For several years we have determined the blood pressure of patients with nutritive failure when they entered the nutrition clinic of the Hillman Hospital. We have found great variation in the blood pressure readings, ranging from systolic pressures of around 70 to pressures that cannot be read on an ordinary sphygmomanometer. In general, persons with severe nutritive failure tend to have a systolic and diastolic blood pressure below average, and, when the nutritive failure is corrected and they begin to lead a more energetic life, the blood pressure tends to increase.1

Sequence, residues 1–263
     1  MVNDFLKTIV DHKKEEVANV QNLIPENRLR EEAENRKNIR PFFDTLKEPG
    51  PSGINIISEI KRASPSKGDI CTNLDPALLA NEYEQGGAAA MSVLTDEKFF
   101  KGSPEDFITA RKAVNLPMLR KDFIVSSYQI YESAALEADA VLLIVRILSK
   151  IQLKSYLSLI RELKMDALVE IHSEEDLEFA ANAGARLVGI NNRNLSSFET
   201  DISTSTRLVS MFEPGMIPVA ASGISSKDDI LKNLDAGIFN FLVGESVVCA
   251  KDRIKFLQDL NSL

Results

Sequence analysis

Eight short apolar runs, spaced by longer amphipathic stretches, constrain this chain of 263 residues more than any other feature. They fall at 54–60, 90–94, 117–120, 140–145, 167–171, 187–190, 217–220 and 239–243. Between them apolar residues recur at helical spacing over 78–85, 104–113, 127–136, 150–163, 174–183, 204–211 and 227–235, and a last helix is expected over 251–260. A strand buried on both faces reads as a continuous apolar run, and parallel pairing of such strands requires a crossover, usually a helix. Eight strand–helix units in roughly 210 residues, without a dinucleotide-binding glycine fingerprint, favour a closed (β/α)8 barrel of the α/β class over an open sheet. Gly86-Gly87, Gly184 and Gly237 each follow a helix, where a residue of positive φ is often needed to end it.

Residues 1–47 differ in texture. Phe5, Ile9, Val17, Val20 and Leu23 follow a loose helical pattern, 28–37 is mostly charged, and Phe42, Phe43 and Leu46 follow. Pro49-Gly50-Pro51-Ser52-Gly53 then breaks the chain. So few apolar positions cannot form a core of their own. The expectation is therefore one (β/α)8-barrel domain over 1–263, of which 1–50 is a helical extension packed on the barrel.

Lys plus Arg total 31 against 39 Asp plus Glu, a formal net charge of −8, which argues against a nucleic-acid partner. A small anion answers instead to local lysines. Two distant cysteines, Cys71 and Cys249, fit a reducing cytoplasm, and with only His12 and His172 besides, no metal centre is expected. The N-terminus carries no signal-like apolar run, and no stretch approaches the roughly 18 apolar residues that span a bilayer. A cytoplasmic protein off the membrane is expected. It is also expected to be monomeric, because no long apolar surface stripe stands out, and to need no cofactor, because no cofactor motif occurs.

In 1868 Ludwig and Schmidt2 described a vasoconstricting agent that occurs in the serums of mammals, and it occurred to us that this agent, or some such substance, might be affected by nutritive failure and thus account for the decrease in blood pressure readings of certain of our patients. This thought led us to ask ourselves: Could
Spies TD, Stone RE. EFFECT OF SEROTONIN ON BLOOD PRESSURE AND LACK OF EFFECT OF ANTIMETABOLITE. JAMA. 1952;150(16):1599–1600. doi:10.1001/jama.1952.63680160001012
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